Hong Kong Madame - English

Michelin-starred chef of Hong Kong – Alvin Leung, chef-owner of Bo Innovation

August 31st 2022


by Aude Camus
 

If you think it takes white tablecloths, silver cutlery and polished crystal glasses for a restaurant to be awarded a Michelin star, two-Michelin-starred Bo Innovation will prove you wrong. Owned by English-born Hong Kong-Canadian chef – and tv personality, Alvin Leung, the restaurant has been leading the rise of modern Chinese cuisine with plating up “X-Treme Chinese” cuisine. 

Michelin-starred chef of Hong Kong – Alvin Leung, chef-owner of Bo Innovation
Having just relocated to a new venue in Central’s H Code, Bo Innovation continues to surprise and delight diners with bold creations, and I’ve caught up with “The Demon Chef” to learn more about his cooking philosophy and get a sense of what to expect at Bo Innovation 2.0. 
 


Thanks for taking the time to answer these few questions chef. Can you start by telling me a bit more about your background? Where do you come from and how did you become a chef?

Michelin-starred chef of Hong Kong – Alvin Leung, chef-owner of Bo Innovation
I was born in London and raised in Toronto, but Hong Kong has always been a home to me. I don’t have any formal culinary training. Chef wasn’t exactly a career my family would have supported so despite my obsession for food I studied engineering and started to work as an engineer. The methodical and scientific nature of the engineer job has greatly shaped my culinary style and is one of the reasons why I love experimenting so much today. I’ve been a chef since I moved to Hong Kong in the late 80’s and bought my restaurant here – a speakeasy called “Bo Inosaki” which I renamed “Bo Innovation”.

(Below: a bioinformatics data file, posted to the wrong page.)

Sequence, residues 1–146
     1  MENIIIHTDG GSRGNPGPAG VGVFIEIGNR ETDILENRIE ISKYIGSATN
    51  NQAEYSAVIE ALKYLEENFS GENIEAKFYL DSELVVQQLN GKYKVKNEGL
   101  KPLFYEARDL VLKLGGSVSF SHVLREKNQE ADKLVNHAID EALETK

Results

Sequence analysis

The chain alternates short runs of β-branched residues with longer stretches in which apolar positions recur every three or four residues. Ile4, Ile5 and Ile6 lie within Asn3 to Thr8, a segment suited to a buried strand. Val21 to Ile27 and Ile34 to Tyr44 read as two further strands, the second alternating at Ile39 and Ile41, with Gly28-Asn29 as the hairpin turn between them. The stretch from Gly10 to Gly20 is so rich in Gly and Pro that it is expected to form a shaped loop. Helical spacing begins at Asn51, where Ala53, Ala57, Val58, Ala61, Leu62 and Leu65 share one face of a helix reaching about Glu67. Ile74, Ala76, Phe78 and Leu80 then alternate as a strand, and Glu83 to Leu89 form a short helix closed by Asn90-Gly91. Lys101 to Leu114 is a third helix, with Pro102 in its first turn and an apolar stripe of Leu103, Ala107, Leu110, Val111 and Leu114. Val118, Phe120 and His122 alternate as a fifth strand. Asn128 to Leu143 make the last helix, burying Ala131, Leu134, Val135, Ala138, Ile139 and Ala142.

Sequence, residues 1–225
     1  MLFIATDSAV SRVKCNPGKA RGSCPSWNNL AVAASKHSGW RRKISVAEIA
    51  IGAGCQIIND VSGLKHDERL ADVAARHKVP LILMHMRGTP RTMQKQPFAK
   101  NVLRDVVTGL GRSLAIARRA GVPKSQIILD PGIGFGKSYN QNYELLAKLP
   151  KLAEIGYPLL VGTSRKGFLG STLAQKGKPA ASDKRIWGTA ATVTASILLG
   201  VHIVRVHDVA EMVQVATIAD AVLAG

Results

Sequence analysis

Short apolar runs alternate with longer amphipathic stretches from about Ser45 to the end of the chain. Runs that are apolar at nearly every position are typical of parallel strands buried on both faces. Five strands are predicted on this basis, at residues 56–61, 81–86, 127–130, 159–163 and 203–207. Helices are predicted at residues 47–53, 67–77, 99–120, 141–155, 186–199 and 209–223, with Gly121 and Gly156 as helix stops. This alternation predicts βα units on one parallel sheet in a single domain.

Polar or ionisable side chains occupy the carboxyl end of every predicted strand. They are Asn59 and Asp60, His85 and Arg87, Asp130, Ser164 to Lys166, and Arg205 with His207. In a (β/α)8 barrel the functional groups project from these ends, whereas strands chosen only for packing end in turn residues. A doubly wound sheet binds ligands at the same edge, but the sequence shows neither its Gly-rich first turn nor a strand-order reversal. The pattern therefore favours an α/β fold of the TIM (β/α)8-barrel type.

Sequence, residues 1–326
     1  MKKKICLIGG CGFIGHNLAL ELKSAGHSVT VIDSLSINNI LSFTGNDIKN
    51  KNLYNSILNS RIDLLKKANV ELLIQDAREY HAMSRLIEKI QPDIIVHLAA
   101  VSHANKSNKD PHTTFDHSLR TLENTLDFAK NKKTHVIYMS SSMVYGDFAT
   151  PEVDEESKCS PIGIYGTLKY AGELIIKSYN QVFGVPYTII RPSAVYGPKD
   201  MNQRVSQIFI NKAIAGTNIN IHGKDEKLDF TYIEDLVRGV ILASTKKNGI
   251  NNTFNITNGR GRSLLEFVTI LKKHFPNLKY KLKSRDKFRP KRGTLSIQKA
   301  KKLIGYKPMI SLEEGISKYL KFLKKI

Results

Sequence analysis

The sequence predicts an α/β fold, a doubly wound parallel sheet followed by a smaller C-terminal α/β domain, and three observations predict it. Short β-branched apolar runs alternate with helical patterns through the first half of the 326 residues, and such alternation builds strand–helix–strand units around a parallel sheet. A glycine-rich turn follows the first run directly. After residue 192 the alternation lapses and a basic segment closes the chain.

Speaking of your culinary style, you call it “X-treme Chinese cuisine” but can you tell me what is it exactly?

Soup by Andy, a dish from the new Masterpieces menu
Soup by Andy, a dish from the new Masterpieces menu
This culinary style is the results of my years working as an engineer. I break down traditional Chinese food to its bare essence and use it to create new interpretations in modern forms. I keep the core of dishes, but I offer a creative take on by substituting ingredients and cooking methods. I practice innovation but at the end of the day, taste is king. I am using science and experimentations but not smoke and mirrors. 
 


What to expect at the new venue in Central?

Michelin-starred chef of Hong Kong – Alvin Leung, chef-owner of Bo Innovation
The global pandemic has forced me to slow down like I never have before. I am used to constantly being on the go, traveling from country to country for my restaurants or for filming. This gave me the time and mental space to reimagine a menu for Bo, and I spent two years perfecting it. The new ‘Masterpieces’ menu at the new Bo Innovation is the first menu in years that I wholly created myself. Diners are going to notice that. As far as what to expect, the answer is always ‘the unexpected’ 
 


What is the one dish you’ve created that you’re the proudest of?
 
This would be “Sex on the Beach” – an edible condom made of kappa and konjac and filled with ham and honey presented on sand made of powdered shitake mushroom. Not only was this dish memorable, but all the proceeds also went to the AIDS Concern charity. 
 


Where do you find your inspirations from? As a chef who’s seen as a constant innovator, someone who is always pushing the boundaries even further, do you sometimes find it hard to reinvent yourself?

Fish Magic, a dish from the new Masterpieces menu
Fish Magic, a dish from the new Masterpieces menu
Inspiration is everywhere. You don’t need to read a cookbook or eat in another chef’s restaurant to find inspiration. You see something when you are walking down the street and it may give you an idea, you might see the new design of a car and have an idea for a dish. You just need to pay attention. 
 
 

Are accolades such as Michelin stars, being listed in the 50 Best List... important to you?
 
Of course, I care about these accolades. I think all chefs do. But you can’t have them be your main motivation. When you receive an award, you’re proud but then you need to move on and keep creating if you want your guests to constantly have a memorable experience. This is what I care the most about. 
 
 
 
What do you do on a typical day off? 

For me a day off is a game of squash and a meal prepared by my family or friends. It is a treat to have a home cooked meal. 


http://www.boinnovation.com
1/F, 45 Pottinger Street - Central 




 


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